4.14 False Claims Act (FCA) is defined as – statute (31 U.S.C. §3729 et seq.) that imposes civil liability on any person who: (i) knowingly presents, or causes to be presented, to an officer or employee of the United State Government or a member of the Armed Forces of the United States, a false or fraudulent claim for payment or approval; or (ii) knowingly makes, uses, or causes to be made or used, a false record or statement to get a false or fraudulent claim paid or approved by the Government; (iii) conspires to defraud the government by getting a false or fraudulent claim paid or approved by the Government; or (iv) has possession, custody, or control of property or money used, or to be used, by the Government and knowingly delivers, or causes to be delivered, less than all of that money or property; (v) is authorized to make or deliver a document certifying receipt of property used, or to be used, by the Government and, intending to defraud the Government, makes or delivers the receipt without completely knowing that the information on the receipt is true; (vi) knowingly buys, or receives as a pledge of an obligation or debt, public property from an officer or employee of the Government, or member of the Armed Forces, who lawfully may not sell or pledge property; or (vii) knowingly makes, uses, or causes to be made or used, a false record or statement material to an obligation to pay or transmit money or property to the government, or knowingly conceals or knowingly and improperly avoids or decreases an obligation to pay or transmit money or property to the Government. The Attorney General of the United States is required to diligently investigate violations of the FCA, and may bring a civil action against a person including penalties of between five thousand and ten thousand per claim, treble damages, and the costs of any civil action brought to recovery such penalties or damages.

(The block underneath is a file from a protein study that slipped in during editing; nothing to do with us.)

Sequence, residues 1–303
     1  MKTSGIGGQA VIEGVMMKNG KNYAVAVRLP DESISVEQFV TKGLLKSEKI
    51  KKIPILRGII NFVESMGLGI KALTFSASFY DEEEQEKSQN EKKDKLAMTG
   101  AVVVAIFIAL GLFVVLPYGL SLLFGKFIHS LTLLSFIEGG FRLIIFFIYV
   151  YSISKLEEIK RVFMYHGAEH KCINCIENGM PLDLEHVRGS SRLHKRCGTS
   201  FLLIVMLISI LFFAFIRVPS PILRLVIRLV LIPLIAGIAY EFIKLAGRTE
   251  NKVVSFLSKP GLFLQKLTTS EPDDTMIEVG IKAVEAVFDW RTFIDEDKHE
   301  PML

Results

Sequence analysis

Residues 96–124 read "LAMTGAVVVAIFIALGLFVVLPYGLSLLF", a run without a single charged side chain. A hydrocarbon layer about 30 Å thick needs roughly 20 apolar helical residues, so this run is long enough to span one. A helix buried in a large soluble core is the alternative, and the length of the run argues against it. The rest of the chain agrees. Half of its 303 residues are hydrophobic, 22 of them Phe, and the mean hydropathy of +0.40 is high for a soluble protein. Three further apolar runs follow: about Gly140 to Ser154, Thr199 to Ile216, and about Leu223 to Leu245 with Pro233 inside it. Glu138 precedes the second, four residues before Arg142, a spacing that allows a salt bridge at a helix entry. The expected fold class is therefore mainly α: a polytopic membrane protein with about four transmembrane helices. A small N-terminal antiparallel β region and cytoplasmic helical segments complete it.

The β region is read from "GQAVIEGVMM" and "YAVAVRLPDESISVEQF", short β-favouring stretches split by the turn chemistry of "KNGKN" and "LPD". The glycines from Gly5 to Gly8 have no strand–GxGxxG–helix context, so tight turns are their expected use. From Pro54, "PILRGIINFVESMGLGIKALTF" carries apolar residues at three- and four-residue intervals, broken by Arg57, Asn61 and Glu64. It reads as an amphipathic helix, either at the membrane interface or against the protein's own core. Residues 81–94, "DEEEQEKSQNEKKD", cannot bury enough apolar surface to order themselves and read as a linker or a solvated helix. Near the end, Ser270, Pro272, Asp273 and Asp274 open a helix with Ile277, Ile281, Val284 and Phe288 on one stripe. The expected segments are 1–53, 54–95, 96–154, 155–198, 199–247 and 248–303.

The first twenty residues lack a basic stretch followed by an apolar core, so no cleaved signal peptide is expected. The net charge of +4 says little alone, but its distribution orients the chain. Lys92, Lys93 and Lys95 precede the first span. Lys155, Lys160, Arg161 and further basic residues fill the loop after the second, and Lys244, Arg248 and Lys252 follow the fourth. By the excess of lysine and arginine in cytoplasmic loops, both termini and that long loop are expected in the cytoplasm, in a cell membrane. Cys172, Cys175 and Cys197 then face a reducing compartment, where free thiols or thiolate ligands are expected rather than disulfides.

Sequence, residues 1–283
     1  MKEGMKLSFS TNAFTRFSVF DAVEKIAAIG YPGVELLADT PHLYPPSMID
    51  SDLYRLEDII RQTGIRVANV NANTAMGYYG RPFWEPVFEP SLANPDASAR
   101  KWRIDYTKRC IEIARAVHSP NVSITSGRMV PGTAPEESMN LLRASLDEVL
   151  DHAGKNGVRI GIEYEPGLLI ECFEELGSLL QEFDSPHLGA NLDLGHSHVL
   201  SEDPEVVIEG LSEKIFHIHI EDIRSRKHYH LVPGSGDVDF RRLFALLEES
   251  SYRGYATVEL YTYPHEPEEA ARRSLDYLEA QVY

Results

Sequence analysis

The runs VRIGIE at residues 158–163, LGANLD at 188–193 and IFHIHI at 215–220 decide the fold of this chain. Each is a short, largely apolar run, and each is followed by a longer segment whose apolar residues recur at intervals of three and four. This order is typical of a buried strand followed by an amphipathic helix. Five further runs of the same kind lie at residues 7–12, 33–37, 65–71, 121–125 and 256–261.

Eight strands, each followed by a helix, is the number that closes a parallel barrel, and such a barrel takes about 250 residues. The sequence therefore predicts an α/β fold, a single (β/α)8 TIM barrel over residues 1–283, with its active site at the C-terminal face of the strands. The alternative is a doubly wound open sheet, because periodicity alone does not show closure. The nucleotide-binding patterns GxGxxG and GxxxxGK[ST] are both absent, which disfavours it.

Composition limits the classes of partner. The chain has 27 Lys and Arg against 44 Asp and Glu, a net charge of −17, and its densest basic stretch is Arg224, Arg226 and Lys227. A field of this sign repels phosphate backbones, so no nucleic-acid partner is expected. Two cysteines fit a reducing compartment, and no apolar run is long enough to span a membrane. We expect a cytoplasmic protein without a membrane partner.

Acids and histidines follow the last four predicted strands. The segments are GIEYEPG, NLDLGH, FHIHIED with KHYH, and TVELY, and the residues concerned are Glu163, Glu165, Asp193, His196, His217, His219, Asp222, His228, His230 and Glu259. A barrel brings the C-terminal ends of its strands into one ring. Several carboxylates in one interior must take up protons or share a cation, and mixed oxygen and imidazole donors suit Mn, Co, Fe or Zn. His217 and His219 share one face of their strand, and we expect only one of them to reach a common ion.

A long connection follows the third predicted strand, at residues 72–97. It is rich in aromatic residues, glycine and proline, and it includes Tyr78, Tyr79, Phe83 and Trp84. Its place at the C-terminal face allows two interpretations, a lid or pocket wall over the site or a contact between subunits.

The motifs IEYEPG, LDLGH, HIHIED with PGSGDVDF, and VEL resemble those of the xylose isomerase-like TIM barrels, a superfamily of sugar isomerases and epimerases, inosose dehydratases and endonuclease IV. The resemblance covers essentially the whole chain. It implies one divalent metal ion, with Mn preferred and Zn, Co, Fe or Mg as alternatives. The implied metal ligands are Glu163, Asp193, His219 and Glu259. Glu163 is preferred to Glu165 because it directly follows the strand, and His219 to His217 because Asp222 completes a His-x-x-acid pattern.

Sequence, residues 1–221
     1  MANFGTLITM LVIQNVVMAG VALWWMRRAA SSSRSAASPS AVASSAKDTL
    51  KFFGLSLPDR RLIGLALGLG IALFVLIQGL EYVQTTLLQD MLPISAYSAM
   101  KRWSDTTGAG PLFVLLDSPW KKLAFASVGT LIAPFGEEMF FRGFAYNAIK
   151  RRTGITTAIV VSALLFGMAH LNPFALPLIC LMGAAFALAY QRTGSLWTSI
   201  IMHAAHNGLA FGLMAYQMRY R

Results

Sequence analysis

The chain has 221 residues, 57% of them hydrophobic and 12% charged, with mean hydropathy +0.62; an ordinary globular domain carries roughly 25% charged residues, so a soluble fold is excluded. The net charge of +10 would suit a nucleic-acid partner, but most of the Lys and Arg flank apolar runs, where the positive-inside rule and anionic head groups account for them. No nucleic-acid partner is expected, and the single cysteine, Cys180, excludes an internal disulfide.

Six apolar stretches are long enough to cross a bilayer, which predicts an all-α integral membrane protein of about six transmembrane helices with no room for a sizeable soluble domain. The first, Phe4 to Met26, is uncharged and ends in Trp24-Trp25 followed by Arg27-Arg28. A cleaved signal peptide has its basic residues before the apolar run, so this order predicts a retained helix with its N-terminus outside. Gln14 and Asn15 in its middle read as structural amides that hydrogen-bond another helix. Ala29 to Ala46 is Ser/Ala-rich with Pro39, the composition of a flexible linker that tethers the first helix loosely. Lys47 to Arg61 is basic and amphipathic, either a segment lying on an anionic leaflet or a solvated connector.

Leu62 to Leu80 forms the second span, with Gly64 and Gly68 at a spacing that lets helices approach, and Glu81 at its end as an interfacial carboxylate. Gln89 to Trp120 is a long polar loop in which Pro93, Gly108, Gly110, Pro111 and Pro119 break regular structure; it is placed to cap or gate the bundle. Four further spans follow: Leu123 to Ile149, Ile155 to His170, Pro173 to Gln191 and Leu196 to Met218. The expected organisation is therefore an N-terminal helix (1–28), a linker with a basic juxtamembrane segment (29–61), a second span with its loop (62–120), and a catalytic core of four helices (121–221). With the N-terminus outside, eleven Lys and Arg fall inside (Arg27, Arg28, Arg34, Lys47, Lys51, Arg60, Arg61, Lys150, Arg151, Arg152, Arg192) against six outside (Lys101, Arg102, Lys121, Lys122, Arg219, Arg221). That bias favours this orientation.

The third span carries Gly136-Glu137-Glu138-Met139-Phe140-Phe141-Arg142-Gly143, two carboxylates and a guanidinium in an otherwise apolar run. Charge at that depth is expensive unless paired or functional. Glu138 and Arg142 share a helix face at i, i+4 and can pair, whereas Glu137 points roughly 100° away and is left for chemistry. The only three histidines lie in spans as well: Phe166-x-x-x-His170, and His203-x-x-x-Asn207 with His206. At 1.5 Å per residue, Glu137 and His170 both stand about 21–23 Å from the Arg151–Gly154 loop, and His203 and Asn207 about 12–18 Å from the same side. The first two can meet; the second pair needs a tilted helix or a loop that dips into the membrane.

4.15 Fraud is defined as – the intentional deception or misrepresentation that an individual knows to be false (or does not believe to be true) and makes, knowing that the deception could result in an unauthorized benefit to themselves or another person.
4.16 Knowingly is defined as – a person who has actual knowledge of the information, acts in deliberate ignorance of the truth or falsity of the information, or acts in reckless disregard of the truth or falsity of the information. No proof of specific intent to defraud is required.